From an end user perspective, i usually give the reader and surrounding plates a good whack with my fist and i try and peel back any of the faceplates with my keys or a knife. The fact of the matter is, the best quality skimmers aren't detectable. POS machines can be hacked which results in an almost undetectable scenario. Your best bet, if you want to avoid being skimmed, is to cash out at a teller at the bank :)

From a company perspective, I've come across two new defenses against skimmers recently from perusing ATM manuals (I'm doing some work with them at the moment and have all the manuals/specifications)

  • 1) Sensors to detect any obstruction in front of the the card-reader for extended periods of time it'll trigger an alert. These sensors are light sensors, proximity sensors and beam sensors depending on the ATM in question. These are both mounted inside the card reader and around the device in general.

  • 2) Sensors to detect constant RF signals. If you transmit for more than xx seconds (i won't mention the exact time frame) it'll trigger an alert. From the manual:

Radio frequency (RF) detection is used for detection of analogue transmitting spy cameras fitted to the ATM for purposes of fraudulently capturing card holder PIN entry. RF detection does not trigger an alert but provides additional supporting information to an alert if a fraud device is detected by a sensor at the same time as an RF detect alert.


HSFD consists of the following elements:

  • Control board

  • RF detect sensor (optional)

  • From one to six sensors
  • Cellular modem(to transmit alerts), with separate antenna (optional).

The following diagram shows an overview of the High Security Fraud Detection (HSFD) feature. Dashed lines indicate optional components: High Security Fraud Detection (HSFD)

Alerts usually go to a back to base central monitoring solution somewhere controlled by the bank that owns the ATM

There's a new proof of concept Anti-Skimming technology called SRS “Secure revolving system” that got announced recently, there's a video of in in action here. Original story here

The actual SRS device looks like this: SRS device

Basically it accepts the card 'side on' (as opposed to the usual card entry method) and then rotates it 90 degrees before accepting it. This basically prevents any face plate being attached over the device and makes it very difficult to position a skimmer.

  • Do you have a link or any additional information?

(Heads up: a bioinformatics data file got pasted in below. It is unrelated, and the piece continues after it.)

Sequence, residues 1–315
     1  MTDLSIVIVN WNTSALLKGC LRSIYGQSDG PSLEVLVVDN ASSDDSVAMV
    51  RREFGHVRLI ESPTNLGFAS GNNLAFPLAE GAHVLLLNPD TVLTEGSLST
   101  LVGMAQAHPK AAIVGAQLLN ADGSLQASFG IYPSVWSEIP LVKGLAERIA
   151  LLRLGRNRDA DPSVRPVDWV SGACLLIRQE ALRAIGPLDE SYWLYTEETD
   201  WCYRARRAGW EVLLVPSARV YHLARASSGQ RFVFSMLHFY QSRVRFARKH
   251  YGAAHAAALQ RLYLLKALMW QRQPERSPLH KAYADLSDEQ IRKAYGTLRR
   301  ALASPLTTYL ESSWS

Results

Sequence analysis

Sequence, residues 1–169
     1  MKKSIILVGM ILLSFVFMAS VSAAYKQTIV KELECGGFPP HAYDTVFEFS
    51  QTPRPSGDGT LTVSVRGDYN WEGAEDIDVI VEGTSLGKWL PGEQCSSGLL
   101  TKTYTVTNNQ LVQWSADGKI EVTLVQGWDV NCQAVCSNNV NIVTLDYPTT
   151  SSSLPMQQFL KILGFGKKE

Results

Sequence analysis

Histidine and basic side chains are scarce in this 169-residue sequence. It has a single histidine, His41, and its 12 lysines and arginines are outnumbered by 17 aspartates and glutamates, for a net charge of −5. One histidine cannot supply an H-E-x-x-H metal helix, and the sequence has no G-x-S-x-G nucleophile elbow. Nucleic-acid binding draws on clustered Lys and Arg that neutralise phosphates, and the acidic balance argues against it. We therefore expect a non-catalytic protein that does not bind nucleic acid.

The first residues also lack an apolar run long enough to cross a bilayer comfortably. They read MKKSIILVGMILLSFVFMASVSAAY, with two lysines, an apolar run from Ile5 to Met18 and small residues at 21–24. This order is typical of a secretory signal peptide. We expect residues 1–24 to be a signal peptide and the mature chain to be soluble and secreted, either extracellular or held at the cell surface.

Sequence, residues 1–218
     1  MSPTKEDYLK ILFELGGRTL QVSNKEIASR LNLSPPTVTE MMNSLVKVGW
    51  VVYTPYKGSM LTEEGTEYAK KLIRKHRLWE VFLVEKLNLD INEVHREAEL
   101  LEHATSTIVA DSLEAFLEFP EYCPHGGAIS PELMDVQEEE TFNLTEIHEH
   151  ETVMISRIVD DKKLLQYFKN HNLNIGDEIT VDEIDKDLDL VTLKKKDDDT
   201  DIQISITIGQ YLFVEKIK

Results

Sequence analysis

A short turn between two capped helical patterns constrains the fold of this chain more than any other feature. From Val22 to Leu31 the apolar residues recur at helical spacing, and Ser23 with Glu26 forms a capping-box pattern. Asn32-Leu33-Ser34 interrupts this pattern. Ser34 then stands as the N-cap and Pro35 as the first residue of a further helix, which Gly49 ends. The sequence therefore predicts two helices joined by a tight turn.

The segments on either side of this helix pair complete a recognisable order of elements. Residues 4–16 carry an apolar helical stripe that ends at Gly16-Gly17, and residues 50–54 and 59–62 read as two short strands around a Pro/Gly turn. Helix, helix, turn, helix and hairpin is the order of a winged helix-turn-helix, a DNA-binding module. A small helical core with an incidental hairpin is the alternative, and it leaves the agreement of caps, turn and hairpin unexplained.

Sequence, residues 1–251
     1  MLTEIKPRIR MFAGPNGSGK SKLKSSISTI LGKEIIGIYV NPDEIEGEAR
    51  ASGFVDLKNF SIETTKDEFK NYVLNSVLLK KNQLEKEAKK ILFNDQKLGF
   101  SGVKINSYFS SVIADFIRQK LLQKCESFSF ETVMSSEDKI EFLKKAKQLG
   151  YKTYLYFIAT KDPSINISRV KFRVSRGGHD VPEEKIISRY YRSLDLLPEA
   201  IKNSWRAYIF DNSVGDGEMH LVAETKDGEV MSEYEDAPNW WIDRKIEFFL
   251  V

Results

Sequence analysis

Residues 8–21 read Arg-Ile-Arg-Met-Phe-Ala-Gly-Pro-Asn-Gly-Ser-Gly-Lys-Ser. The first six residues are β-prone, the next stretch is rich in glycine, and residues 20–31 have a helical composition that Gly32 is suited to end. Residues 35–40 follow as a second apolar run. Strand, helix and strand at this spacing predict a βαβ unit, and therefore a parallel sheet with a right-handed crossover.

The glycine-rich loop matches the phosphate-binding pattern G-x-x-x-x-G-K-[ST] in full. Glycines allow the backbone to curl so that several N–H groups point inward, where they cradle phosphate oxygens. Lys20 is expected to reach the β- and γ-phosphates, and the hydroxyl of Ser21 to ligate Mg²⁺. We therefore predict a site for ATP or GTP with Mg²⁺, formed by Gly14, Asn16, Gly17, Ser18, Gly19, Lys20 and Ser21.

– rook
    Commented May 18, 2013 at 1:29
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    @Rook I've updated with what i've got. The sensor tech i don't have the manuals for but i'll see if i can dig em up
    – NULLZ
    Commented May 18, 2013 at 17:26
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    @bartvanheuklom For credit cards yes. They are trying to use magstrip+plus chip + pin which makes it harder but not impossible. They remove this safety by then allowing contactless payments...
    – NULLZ
    Commented May 20, 2013 at 23:27
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    So, does that still depend on the magstrip to work? Meaning, could one make his own card safe by disabling/blocking the magstrip? Commented May 21, 2013 at 12:14
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    @bart if you'd like to make another question i can answer, its getting a bit off topic otherwise i think
    – NULLZ
    Commented May 21, 2013 at 12:56

The newest skimmers cannot be seen. These skimmers wafer thin and insert into the card reader:

enter image description here

To make matters worse the modification can be purely software. ATMs can be hacked, their software can be modified to log the mag strips and pins of every user.

This is a losing battle and you take a chance every time you use an ATM. Security is relative, that being said I would avoid using ATMs in general, especially in a bad neighborhood. Online banking isn't foolproof either, related: Is accessing bank account on the internet really secure?


The best you can really do is use ATMs you know or ATMs that have good physical security if one you know isn't available. (go to an ATM inside a bank). Even then, I always spot check the machine for any signs of tampering.

A simple trick that can work well is to make sure the keypad isn't compromised (by looking and pulling on it) and then if it appears valid, put one hand over your other hand as you type in the code, so even if there is a camera, it can't see your input.

Ultimately, it's still a losing battle and nothing is perfect, but thats the tips I usually follow. Hopefully in the future, we can move to a system that actually uses OTP (one time password) generation for added ATM security.


Secure Revolving Systems

This is the latest anti-skimming tech out there. It basically rotates the card as it's being inserted, preventing the skimmers from locking on the magnetic data strip. It's just been recently invented by a card skimmer in prison. It was announced here.
Regardless, as Rook mentioned earlier, security is relative. Software can still be hacked and the SRS can't protect against that. Also there might be card skimmers in future that will try scanning the card while rotating the scanner, matching the same pattern as the SRS. But for now, as an answer to you question, Secure Revolving Systems are things to look forward to.